On October 6, Microsoft unveiled a number of new devices running Windows 10, including the new Lumia 950 and Lumia 950 XL – if you missed anything, don't forget to check out Windows Central's #Windows10devices coverage --. Both of these phones are premium devices optimized to deliver the best Windows 10 experience on mobile devices.
The Lumia 950 XL features a 5.7-inch Quad HD display, Snapdragon 810 processor, 3GB of RAM, 32GB of storage, a 3340mAh battery, and of course it comes pre-loaded with Windows 10 Mobile. The Lumia 950 is still a premium phone, but the tech specs are a little lower. For example, this handset features a 5.2-inch display, the same 3GB of RAM and 32GB of storage, but only a 3000mAh battery and a Qualcomm Snapdragon 808.
However, one important feature these two phones have in common is the iris scanner that enable users to unlock their phone without a password using Windows Hello, which was first introduced on Windows 10 for PCs. But Microsoft is now bringing it to mobile devices, and today we're going to have a closer look at how this new functionality works in the new handsets.
Before we dive into how the iris scanner works with Windows Hello, let's make a count of how many cameras you'll find in the Lumia 950 and Lumia 950 XL. In these new phones, you have the traditional higher-resolution rear-facing camera and the lower resolution front-facing camera, which you use to take pictures, selfies, and make Skype calls. Then you have an infrared camera and another camera that specifically designed to take pictures of your eyes.
Now that we know the components, let's go through the steps on how everything works:
You need first to set up a PIN for the device, which acts as a backup system. Then, when you need to unlock your phone, the infrared camera is first used to light up your eyes. At the same moment, the second camera takes a picture of your eyes, which works in different lighting conditions (the darker the environment, the better it works).
With your biometric information captured a mathematical calculation is performed to create a hash that is checked against the hash stored on your device. If everything checks out, then you will be allowed to get into your phone. While the internal process to make it all happen is rather more complex, it's a very fast process that should never take more than 2 seconds.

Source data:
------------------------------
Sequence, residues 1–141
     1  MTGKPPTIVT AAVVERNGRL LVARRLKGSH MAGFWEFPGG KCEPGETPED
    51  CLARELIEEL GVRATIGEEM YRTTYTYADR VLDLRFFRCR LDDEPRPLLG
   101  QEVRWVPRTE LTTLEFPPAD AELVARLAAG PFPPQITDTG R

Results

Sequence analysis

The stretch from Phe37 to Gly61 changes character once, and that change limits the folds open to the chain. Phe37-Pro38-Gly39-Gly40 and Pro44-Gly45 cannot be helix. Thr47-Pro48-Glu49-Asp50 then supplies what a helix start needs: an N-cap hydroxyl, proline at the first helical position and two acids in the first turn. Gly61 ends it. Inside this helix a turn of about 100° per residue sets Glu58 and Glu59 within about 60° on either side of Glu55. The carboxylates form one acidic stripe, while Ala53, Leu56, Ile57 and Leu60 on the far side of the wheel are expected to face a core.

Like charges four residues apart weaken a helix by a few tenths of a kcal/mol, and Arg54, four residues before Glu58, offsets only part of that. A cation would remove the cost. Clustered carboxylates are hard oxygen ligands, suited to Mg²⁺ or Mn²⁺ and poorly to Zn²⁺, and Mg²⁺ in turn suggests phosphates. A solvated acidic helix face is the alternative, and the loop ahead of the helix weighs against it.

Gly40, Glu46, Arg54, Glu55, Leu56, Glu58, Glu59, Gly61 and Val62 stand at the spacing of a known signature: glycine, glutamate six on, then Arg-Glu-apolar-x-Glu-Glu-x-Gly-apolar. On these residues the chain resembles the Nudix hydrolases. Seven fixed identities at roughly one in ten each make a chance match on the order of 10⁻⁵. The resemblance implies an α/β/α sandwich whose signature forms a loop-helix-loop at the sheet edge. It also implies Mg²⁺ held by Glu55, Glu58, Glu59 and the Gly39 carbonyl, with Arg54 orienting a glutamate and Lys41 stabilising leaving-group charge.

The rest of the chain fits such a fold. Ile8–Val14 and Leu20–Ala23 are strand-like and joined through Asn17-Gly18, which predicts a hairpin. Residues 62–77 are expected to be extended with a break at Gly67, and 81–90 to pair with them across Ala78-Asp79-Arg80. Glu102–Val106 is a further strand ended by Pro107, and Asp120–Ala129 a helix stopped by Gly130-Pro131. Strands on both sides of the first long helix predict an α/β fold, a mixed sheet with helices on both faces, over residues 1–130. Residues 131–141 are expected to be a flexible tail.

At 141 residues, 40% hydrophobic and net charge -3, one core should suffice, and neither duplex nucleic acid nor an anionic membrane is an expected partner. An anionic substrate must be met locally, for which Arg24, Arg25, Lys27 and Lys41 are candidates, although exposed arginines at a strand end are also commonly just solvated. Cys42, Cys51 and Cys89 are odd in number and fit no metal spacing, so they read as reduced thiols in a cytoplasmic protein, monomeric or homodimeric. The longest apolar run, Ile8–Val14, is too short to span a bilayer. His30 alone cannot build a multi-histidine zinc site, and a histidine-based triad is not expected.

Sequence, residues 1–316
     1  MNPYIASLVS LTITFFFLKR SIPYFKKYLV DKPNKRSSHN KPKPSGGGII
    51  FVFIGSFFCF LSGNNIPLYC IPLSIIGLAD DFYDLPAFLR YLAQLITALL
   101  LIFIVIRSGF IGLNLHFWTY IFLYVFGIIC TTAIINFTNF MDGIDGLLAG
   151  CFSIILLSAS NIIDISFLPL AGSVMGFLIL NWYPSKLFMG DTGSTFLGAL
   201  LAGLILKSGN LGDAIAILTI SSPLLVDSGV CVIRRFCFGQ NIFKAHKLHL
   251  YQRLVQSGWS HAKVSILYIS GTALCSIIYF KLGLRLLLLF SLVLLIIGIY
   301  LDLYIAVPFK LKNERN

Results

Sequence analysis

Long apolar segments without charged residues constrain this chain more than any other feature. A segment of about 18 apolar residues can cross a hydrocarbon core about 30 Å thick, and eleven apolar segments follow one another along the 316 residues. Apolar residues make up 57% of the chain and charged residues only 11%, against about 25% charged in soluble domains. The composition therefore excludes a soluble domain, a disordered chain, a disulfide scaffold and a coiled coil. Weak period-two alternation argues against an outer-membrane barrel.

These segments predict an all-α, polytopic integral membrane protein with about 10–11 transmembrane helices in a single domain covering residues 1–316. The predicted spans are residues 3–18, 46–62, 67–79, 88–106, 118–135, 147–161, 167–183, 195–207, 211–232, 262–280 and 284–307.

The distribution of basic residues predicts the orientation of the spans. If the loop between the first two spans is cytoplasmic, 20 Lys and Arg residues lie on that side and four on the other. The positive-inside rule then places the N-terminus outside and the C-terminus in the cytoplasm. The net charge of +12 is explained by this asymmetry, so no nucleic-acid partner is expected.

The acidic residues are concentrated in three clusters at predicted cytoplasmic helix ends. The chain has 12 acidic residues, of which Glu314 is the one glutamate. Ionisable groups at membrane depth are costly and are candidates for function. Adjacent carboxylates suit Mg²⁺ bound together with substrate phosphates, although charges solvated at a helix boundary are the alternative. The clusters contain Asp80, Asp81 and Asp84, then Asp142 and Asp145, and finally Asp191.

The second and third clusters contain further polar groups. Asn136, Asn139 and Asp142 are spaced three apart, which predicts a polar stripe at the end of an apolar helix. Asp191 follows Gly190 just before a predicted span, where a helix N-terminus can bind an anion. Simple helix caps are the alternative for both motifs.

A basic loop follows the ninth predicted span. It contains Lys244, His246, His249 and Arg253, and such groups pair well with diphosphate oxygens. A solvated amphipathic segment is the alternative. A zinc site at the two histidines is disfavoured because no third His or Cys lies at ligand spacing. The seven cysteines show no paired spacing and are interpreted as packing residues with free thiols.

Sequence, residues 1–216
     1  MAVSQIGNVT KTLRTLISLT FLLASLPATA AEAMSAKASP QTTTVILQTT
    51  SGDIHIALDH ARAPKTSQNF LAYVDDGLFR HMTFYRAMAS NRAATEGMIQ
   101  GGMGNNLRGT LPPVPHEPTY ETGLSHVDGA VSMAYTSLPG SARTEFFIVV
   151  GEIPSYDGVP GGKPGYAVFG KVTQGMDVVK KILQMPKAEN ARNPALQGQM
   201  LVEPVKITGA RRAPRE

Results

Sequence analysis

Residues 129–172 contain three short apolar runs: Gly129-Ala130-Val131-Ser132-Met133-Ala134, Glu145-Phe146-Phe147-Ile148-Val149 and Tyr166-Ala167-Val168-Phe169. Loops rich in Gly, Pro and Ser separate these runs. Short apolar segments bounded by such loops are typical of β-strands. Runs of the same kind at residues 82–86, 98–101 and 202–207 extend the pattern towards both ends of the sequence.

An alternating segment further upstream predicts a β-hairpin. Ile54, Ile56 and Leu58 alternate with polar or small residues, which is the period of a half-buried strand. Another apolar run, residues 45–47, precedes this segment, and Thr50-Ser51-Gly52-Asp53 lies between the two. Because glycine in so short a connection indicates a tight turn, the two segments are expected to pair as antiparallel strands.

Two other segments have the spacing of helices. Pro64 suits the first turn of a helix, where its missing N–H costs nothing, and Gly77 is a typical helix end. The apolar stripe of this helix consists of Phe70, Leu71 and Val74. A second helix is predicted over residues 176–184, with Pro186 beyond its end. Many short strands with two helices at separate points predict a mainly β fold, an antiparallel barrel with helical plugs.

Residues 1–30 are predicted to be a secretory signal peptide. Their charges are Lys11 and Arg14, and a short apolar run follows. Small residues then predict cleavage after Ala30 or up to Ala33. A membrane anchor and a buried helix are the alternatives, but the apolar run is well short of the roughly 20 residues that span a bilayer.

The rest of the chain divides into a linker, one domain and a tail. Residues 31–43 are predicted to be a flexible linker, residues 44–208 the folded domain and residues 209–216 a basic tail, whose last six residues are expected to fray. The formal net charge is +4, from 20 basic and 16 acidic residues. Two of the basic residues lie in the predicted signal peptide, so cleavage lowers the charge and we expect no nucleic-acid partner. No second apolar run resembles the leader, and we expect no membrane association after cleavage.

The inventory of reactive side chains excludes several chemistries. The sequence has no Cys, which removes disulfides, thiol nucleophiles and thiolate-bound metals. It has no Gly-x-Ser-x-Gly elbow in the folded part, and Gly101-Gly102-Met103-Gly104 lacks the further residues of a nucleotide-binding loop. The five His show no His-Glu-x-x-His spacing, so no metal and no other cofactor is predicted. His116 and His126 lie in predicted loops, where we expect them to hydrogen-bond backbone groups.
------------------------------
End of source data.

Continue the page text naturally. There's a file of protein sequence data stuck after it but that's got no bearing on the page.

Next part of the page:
The feature is built on a technology called "asymmetric key cryptography" that has been around for years. You'll find asymmetric-key cryptography on other solutions, such as smart cards, and it's also based on the Microsoft's Kinect sensor.
According to Microsoft, Windows Hello is designed with privacy in mind, no image of your face or iris is ever stored on your device. Instead, the authentication happens locally, and your biometric information is never transmitted outside of your device to any server. There would be no photos of you unless you did a selfie with the regular camera!
Using your biometric information to unlock Windows 10 makes your device more secure and easier to use at the same time. And don't worry, no one will be able to pass through the lock screen with a photo of your face and it also works with twins. If you wear normal glasses the system also works. As such only you are the only one that can unlock your phone using Windows Hello.
Will you be enabling Windows Hello on supported Windows phones? Let's us know your thoughts in the comments below.
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Mauro Huculak is technical writer for WindowsCentral.com. His primary focus is to write comprehensive how-tos to help users get the most out of Windows 10 and its many related technologies. He has an IT background with professional certifications from Microsoft, Cisco, and CompTIA, and he's a recognized member of the Microsoft MVP community.